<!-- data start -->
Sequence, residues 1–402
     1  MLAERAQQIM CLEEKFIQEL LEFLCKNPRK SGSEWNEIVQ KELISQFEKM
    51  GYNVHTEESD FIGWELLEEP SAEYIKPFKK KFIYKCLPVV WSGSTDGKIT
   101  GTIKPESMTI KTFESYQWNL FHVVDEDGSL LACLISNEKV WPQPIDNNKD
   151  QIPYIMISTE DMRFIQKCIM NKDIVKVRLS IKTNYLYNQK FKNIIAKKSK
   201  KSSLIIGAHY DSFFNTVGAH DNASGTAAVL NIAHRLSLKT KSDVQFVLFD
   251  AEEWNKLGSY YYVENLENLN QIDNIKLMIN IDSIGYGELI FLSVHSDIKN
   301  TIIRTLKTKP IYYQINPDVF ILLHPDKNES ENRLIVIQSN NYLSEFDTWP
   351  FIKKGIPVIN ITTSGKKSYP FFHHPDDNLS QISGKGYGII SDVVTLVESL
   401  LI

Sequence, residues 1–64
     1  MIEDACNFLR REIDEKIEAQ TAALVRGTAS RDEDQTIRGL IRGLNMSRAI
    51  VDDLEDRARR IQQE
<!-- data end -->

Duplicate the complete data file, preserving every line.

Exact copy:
Sequence, residues 1–402
     1  MLAERAQQIM CLEEKFIQEL LEFLCKNPRK SGSEWNEIVQ KELISQFEKM
    51  GYNVHTEESD FIGWELLEEP SAEYIKPFKK KFIYKCLPVV WSGSTDGKIT
   101  GTIKPESMTI KTFESYQWNL FHVVDEDGSL LACLISNEKV WPQPIDNNKD
   151  QIPYIMISTE DMRFIQKCIM NKDIVKVRLS IKTNYLYNQK FKNIIAKKSK
   201  KSSLIIGAHY DSFFNTVGAH DNASGTAAVL NIAHRLSLKT KSDVQFVLFD
   251  AEEWNKLGSY YYVENLENLN QIDNIKLMIN IDSIGYGELI FLSVHSDIKN
   301  TIIRTLKTKP IYYQINPDVF ILLHPDKNES ENRLIVIQSN NYLSEFDTWP
   351  FIKKGIPVIN ITTSGKKSYP FFHHPDDNLS QISGKGYGII SDVVTLVESL
   401  LI

Sequence, residues 1–64
     1  MIEDACNFLR REIDEKIEAQ TAALVRGTAS RDEDQTIRGL IRGLNMSRAI
    51  VDDLEDRARR IQQE